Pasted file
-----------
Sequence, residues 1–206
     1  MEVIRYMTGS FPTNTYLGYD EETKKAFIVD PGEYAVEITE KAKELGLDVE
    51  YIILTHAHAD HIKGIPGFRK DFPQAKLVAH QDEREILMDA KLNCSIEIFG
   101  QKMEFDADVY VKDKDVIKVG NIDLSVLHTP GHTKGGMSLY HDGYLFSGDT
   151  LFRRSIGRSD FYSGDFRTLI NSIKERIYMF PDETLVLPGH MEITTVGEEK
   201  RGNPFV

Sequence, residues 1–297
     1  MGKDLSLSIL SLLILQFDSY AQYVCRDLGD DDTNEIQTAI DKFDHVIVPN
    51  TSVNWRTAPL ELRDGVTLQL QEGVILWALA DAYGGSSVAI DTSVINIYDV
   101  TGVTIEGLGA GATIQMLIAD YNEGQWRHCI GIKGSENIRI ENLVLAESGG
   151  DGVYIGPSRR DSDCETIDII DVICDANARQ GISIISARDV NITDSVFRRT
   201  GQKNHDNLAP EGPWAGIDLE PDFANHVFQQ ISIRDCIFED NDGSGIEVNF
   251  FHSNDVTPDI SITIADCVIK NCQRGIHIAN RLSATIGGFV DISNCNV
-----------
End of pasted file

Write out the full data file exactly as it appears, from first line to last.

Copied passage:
Sequence, residues 1–206
     1  MEVIRYMTGS FPTNTYLGYD EETKKAFIVD PGEYAVEITE KAKELGLDVE
    51  YIILTHAHAD HIKGIPGFRK DFPQAKLVAH QDEREILMDA KLNCSIEIFG
   101  QKMEFDADVY VKDKDVIKVG NIDLSVLHTP GHTKGGMSLY HDGYLFSGDT
   151  LFRRSIGRSD FYSGDFRTLI NSIKERIYMF PDETLVLPGH MEITTVGEEK
   201  RGNPFV

Sequence, residues 1–297
     1  MGKDLSLSIL SLLILQFDSY AQYVCRDLGD DDTNEIQTAI DKFDHVIVPN
    51  TSVNWRTAPL ELRDGVTLQL QEGVILWALA DAYGGSSVAI DTSVINIYDV
   101  TGVTIEGLGA GATIQMLIAD YNEGQWRHCI GIKGSENIRI ENLVLAESGG
   151  DGVYIGPSRR DSDCETIDII DVICDANARQ GISIISARDV NITDSVFRRT
   201  GQKNHDNLAP EGPWAGIDLE PDFANHVFQQ ISIRDCIFED NDGSGIEVNF
   251  FHSNDVTPDI SITIADCVIK NCQRGIHIAN RLSATIGGFV DISNCNV